Author: Leslie Anne Warden
Publisher: Cambridge University Press
This Element demonstrates how ceramics, a dataset that is more typically identified with chronology than social analysis, can forward the study of Egyptian society writ large.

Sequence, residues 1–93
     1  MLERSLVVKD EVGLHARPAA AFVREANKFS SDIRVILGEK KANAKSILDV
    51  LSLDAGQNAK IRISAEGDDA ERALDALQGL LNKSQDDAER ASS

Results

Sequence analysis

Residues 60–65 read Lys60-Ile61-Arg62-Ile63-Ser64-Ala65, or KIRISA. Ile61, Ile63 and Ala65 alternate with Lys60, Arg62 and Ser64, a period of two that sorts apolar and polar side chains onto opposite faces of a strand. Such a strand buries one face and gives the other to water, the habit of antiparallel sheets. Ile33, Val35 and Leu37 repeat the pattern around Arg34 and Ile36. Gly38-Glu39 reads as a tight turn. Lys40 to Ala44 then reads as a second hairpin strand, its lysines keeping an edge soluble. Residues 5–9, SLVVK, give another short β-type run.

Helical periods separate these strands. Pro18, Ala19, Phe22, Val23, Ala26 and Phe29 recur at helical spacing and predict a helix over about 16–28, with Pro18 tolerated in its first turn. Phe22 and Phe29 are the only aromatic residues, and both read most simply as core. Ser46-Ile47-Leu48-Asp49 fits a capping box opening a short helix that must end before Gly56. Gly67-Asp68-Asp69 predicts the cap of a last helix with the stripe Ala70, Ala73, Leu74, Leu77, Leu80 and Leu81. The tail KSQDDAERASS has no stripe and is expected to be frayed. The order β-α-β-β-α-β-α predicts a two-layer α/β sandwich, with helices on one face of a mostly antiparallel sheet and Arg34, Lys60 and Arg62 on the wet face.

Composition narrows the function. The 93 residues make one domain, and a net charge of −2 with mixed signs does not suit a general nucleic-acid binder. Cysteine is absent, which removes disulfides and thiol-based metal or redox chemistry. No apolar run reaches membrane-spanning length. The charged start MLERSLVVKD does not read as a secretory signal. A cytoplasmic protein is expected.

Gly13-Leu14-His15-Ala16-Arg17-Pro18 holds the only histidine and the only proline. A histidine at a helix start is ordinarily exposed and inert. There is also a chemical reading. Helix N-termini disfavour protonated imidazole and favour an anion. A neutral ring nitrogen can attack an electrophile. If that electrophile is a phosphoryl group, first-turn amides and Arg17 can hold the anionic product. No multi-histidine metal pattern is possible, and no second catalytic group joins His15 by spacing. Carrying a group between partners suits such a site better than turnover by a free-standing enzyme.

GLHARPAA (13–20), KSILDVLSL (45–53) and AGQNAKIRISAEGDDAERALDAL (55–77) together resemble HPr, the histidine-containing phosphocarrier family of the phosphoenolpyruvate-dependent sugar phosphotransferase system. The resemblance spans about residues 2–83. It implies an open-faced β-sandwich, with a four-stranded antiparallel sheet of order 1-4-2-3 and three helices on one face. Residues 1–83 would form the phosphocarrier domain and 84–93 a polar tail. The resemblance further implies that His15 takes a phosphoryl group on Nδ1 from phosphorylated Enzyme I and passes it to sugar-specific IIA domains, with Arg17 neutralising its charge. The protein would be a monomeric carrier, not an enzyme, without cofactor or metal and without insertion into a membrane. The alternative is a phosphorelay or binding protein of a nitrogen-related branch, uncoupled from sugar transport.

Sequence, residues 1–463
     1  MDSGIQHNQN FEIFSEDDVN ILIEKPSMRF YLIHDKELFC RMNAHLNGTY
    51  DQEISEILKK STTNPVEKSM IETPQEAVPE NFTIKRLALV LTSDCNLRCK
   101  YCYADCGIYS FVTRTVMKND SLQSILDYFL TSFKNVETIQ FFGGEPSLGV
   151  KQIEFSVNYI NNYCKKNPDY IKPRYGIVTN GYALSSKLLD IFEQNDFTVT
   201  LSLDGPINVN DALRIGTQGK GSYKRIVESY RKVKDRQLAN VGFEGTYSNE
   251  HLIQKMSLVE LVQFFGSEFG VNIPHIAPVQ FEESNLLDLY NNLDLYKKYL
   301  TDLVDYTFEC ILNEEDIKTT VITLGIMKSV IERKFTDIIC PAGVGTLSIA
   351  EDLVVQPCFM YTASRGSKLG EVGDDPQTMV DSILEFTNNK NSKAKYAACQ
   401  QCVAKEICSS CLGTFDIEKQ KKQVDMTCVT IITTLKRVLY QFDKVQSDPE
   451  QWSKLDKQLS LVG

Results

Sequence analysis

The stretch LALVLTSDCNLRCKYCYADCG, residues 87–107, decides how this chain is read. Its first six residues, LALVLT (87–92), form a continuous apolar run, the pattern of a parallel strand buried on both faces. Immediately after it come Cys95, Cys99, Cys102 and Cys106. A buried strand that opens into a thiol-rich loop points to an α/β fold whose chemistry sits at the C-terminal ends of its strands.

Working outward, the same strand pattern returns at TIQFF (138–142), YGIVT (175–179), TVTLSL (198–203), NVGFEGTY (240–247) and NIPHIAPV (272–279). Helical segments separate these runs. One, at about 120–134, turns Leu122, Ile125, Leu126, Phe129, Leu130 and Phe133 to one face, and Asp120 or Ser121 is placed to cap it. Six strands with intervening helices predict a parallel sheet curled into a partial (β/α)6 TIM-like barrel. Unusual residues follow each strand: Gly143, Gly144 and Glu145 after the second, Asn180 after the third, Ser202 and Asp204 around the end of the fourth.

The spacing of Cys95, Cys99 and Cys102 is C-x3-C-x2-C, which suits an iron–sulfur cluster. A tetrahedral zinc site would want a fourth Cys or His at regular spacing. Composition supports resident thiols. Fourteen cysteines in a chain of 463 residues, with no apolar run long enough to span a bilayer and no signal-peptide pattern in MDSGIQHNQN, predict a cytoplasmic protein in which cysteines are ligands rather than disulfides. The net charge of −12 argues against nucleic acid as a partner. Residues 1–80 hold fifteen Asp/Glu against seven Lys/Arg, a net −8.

This Element seeks to demonstrate how ceramics, a data set that is more typically identified with chronology than social analysis, can forward study of Egyptian society writ large. This Element argues that the sheer mass of ceramic material indicates the importance of pottery to Egyptian life. Ceramics form a crucial dataset with which Egyptology must critically engage, but which require us to also engage with statistical thinking and anthropological theory, and which necessitate working with the Egyptian past using a more fluid theoretical toolkit. This Element will demonstrate how ceramics may be employed in social analyses through a focus on four broad areas of inquiry: regionalism; ties between province and state, elite and non-elite; domestic life; and the relationship of political change to social change. While the case studies largely come from the Old through Middle Kingdoms, the methods and questions may be applied to any period of Egyptian history.